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Federal authorities say a group of scammers that “bilked millions” from US consumers with pop-up ads and hijacked Web browsers has been sued by the Federal Trade Commission.The scheme, which operates under the name Global Access Tech Support, used pop-up ads that told consumers their computers were “hacked, infected, or otherwise compromised,” according to the FTC complaint (PDF) published yesterday.

Consumers are then instructed to call a toll-free number in the message.

The pop-ups “are typically designed so that consumers are unable to close or navigate around them, rendering consumers’ web browser unusable.”

Anyone who calls the toll-free number is connected to telemarketers in India, who then roll out a sales pitch explaining that the caller’s computer is “in urgent need of repair.” The telemarketers claim they’re affiliated with either Microsoft or Apple or are “certified” by those companies.
If they’re still along for the ride at this point, users are directed to a website that prompts them to begin a remote access session.

The telemarketers gain access to the computer and “run a series of purported diagnostic tests, which, in reality, are nothing more than a high-pressured sales pitch designed to scare consumers into believing that their computers are corrupted, hacked, otherwise compromised, or generally performing badly.”
On Windows-based machines, those tests involved displaying the computer’s Event Viewer and Microsoft’s Configuration Utility (“msconfig”).

The telemarketers find messages in Event Viewer that say “Error” and “Warning,” then convince the consumer it’s evidence of a problem that they can fix.

FTC investigators used an FTC computer that was verified to be free of viruses and malware to interact with at least one “tech support” telemarketer.

Messages reading “error,” “warning,” or “stopped” in Microsoft’s Event Viewer are often produced in the normal course of operations, but they’re scary enough words that they can be used to trick users into believing that their computers are broken and in need of repair.
At that point, the scammers ask for a credit card number or bank account number to process an electronic check. After charging, the “tech support” team spend an hour or two logged in to consumer computers to perform “repairs” that the FTC says are “unnecessary or even harmful.”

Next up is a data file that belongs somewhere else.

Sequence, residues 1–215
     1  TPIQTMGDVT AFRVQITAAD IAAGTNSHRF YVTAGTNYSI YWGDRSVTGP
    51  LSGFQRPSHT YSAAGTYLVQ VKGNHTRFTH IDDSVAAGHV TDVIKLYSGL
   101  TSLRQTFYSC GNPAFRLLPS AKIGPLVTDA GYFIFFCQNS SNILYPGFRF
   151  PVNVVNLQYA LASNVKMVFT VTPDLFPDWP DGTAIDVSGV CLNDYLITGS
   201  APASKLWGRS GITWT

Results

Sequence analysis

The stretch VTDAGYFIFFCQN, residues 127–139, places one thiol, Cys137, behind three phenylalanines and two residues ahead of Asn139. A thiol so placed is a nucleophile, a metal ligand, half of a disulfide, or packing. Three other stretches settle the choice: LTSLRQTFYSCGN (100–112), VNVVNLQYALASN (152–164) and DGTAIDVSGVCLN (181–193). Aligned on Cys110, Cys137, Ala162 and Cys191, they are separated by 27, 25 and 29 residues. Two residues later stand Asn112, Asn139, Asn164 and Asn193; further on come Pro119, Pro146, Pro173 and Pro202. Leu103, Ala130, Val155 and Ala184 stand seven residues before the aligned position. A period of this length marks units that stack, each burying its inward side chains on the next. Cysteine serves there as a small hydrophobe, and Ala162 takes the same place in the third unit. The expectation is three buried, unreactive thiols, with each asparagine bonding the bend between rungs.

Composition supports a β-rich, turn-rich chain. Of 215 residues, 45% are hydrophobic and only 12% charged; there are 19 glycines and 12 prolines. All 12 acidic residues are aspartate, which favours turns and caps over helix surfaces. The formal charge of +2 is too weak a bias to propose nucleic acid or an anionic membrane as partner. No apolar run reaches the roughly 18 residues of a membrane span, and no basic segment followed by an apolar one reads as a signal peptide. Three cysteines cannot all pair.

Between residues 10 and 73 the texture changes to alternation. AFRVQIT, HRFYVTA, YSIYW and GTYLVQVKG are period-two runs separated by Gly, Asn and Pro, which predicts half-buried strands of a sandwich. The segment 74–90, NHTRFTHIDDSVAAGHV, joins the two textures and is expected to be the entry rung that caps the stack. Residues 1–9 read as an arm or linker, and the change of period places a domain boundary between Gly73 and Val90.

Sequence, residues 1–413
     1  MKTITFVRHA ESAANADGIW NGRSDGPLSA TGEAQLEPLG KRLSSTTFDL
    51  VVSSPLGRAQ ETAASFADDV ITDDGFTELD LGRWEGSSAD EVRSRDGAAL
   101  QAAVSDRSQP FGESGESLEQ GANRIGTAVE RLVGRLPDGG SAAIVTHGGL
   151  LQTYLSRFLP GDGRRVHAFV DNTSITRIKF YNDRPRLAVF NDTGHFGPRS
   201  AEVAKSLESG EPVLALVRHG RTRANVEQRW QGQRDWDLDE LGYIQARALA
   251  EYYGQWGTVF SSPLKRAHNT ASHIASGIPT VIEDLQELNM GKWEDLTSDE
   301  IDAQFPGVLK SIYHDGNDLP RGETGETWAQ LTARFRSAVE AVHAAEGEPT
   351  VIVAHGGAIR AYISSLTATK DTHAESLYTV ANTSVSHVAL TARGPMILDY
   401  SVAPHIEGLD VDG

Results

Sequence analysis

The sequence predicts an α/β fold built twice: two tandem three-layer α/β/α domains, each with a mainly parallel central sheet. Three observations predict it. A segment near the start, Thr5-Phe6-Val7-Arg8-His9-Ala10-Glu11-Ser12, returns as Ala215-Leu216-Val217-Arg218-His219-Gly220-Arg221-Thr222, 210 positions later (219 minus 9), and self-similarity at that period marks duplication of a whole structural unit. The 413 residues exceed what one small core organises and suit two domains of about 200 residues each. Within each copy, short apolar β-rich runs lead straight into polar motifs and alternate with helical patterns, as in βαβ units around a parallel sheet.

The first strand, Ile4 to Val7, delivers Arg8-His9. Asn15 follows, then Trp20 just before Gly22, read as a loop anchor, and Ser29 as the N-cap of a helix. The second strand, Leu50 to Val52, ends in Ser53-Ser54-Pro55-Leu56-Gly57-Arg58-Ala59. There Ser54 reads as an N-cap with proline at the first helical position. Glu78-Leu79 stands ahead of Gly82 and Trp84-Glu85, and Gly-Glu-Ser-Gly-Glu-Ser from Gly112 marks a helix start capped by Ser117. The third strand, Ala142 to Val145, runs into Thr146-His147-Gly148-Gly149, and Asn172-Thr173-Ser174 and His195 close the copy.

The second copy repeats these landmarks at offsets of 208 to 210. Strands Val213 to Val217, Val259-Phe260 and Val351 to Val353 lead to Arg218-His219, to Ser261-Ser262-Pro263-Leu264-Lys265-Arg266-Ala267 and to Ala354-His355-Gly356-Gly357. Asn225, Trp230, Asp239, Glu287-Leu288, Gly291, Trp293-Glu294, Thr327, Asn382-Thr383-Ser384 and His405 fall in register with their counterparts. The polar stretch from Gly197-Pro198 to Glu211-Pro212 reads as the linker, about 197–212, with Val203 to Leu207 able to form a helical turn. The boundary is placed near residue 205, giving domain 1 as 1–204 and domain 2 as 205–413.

The FTC’s complaint was filed earlier this month in the Eastern District of Missouri, where two of the men behind the scheme, Rajiv Singh Chhatwal and Rupinder Kaur, are alleged to reside. A third named defendant, Neeraj Dubey, doesn’t have his location identified, but he presented himself as a “co-owner” of “Helios Digital,” a St. Louis-based LLC that allegedly worked together with Global Access to execute the fraud.
A federal court has already issued a temporary restraining order (PDF) freezing the assets of the three named defendants, as well as related companies controlled by them, called Global sMind, Source Pundit LLC, Helios Digital Media LLC, and VGlobal Ites Private Limited, an Indian corporation.
Chhatwal is alleged to have created Global Access and contracted with its call center in New Delhi. He was the domain registrant for several websites associated with the telemarketing scheme, and he responded to consumer complaints at the Better Business Bureau that were brought against the company. In its press release on the matter, the FTC thanked the Better Business Bureau of Eastern Missouri and Southern Illinois for its collaboration and contribution to the case.
The accusations against Global Access are just the latest chapter in a variety of tech support scams that have flourished in recent years. Many of them have similar characteristics, such as using Microsoft Event Viewer and remote-access tools before requesting a credit card payment.

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